'Intelligent discontent is the mainspring of civilization.' -- Eugene V. Debs

Wednesday, January 31, 2007

Judith Miller in Court and in Print 

Judith Miller was in court yesterday and she wasn't especially helpful to her old friend Scooter. But you can read about Libby's celebrity trial over at firedoglake where the liberal posters and commenters have spent the better part of almost two years fostering an almost cult-like belief that Fitzgerald's investigation will bring down this administration.

Of course, we shouldn't be that surprised. Liberals have possessed an exaggerated sense of the power of the judiciary ever since the admirable, but aberrant, achievements of the Supreme Court under the leadership of Chief Justice Earl Warren. Realists with a sense of legal history understand that the current acquiescence of the courts to the power of the Executive, along with a disinterest in anything other than administrative efficiency and the protection of corporate interests, is usually the norm.

With the neoconservatives successfully sending more troops to Iraq as the Democrats struggle to pass a non-binding resolution of opposition, the Libby trial has become little more than a sideshow, a tragicomedy about the only man in the entire Bush administration subject to the rule of law, a man facing prison for leaking the name of an intelligence operative, even as those around him enrich their themselves and their friends through war profiteering.

If convicted, one can imagine the classic stereotypical jail scene, as Libby's cellmate hears his story, and incredulously says, You're in here for WHAT? In the film version, Libby would have been played by someone like Ben Stiller, Tony Randall, Jack Lemmon or, perhaps, if pure farce, most appropriately by Don Knotts, with the director being . . . who else but Billy Wilder could have brought out all the necessary shades of black comedy?

Miller performed her obligatory cameo role, but she has made a much more important appearance in print. In this instance, stealth was essential, and, hence, her article appeared under the by-line of New York Times reporters James Glanz and Mark Mazetti. Because, after all, there is yet another war to promote, a need for more yellow journalism to help make it happen, and Miller and the Times, as always, have answered the call, but even they recognize that the Miller brand name isn't too credible anymore.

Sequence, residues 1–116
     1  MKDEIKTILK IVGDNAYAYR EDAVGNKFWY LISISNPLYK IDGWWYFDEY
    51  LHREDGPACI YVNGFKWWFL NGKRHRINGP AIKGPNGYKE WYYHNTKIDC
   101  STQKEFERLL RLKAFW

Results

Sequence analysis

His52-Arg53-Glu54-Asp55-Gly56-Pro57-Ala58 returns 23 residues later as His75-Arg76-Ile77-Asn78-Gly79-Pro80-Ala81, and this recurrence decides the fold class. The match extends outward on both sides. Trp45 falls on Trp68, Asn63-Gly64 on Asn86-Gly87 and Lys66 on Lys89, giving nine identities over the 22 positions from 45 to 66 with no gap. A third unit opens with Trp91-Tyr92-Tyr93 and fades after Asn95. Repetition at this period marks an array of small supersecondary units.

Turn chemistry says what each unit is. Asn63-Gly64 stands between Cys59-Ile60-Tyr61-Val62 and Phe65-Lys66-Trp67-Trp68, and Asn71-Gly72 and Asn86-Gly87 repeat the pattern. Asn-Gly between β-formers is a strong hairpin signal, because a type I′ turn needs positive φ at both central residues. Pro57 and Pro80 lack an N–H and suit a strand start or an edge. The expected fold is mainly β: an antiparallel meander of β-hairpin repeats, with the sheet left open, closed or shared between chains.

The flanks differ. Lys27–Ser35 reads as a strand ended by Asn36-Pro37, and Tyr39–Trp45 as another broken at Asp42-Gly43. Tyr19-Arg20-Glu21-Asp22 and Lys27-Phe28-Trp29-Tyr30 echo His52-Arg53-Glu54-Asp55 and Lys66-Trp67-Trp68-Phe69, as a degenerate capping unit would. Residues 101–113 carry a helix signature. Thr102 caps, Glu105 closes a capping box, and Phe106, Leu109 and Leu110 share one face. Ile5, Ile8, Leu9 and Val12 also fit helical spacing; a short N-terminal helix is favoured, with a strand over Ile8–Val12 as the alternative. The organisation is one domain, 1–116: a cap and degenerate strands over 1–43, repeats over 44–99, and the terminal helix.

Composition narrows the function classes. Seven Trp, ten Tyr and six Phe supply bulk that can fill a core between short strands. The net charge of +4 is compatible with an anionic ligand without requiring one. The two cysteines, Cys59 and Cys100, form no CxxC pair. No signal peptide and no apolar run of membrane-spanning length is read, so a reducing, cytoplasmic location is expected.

Typical of a classic Miller article about Iraq and weapons of mass destruction in 2002, the lead paragraphs grab us by the throat, while leaving the door open to subsequent repudiation, if necessary:

Investigators say they believe that attackers who used American-style uniforms and weapons to infiltrate a secure compound and kill five American soldiers in Karbala on Jan. 20 may have been trained and financed by Iranian agents, according to American and Iraqi officials knowledgeable about the inquiry.

The officials said the sophistication of the attack astonished investigators, who doubt that Iraqis could have carried it out on their own — one reason a connection to Iran is being closely examined. Officials cautioned that no firm conclusions had been drawn and did not reveal any direct evidence of a connection.

This is skilled propaganda, comparable to Miller at her best. For example, note the reference to the lack of any direct evidence, implying that there is indirect evidence.

After whetting our appetite, Miller then directs us through a tedious maze of conjecture, hoping that the accumulation of impressionistic detail will persuade us that there just must be an Iranian connection, with the brilliant insight being, well, of course. we all know that the Iraqis are too stupid to pull off the Karbala killings themselves, without outside assistance (entirely plausible to the reader, whether discerning or not, as Iraqis are also too stupid to govern themselves without the presence of over 140,000 US troops). This is Miller at ease with the medium, effortlessly appealing, quite effectively, to the bias of the reader, while concealing her conformity to the administration line.

Finally, at the end, there is the payoff:

Two American officials in Washington confirmed that American military investigators were looking into the possibility of Iranian involvement in the Karbala attack. One of those officials said the working assumption by the investigators was that the operation had been carried out by a splinter group of the Mahdi Army.

The second official said the operation could be seen as retribution for three recent American raids in which Iranians suspected of carrying out attacks on American and Iraqi forces were detained. On Sunday, the Iranian ambassador to Iraq conceded that two Iranians detained in Baghdad last month were security officials, but said that they were making legitimate contacts with Iraqi government officials.

Indeed, we should not be embarassed to say that, when we have the opportunity to read an article by Judith Miller, we are in the presence of a master, someone who has sharpened their skills over years of painstaking sacrifice in order to discover the essential nuances of their craft. Sadly, it appears that she must now be contented with seeing her articles reach a wider audience by having them attributed to others. Someday, she will again receive the recognition that she rightly deserves.

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